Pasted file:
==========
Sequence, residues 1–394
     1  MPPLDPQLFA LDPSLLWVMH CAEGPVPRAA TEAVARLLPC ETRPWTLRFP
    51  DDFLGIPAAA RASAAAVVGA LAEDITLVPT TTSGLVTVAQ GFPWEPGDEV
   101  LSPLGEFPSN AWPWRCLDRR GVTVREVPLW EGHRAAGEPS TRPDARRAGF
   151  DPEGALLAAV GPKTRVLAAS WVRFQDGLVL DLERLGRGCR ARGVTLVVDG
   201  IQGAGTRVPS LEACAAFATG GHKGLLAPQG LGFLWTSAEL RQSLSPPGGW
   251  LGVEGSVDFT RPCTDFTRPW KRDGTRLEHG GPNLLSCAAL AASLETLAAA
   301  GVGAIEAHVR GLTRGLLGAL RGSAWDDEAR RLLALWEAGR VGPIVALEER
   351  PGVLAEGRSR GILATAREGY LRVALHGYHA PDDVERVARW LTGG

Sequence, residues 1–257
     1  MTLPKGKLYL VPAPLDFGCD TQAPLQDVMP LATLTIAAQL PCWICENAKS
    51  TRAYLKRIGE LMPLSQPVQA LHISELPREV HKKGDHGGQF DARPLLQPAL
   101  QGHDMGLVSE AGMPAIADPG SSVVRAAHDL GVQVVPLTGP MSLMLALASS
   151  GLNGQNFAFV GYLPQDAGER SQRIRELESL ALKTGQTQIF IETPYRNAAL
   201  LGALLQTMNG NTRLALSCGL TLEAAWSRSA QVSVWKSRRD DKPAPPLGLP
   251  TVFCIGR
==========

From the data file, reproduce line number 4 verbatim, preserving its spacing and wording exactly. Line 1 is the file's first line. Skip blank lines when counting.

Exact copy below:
   101  LSPLGEFPSN AWPWRCLDRR GVTVREVPLW EGHRAAGEPS TRPDARRAGF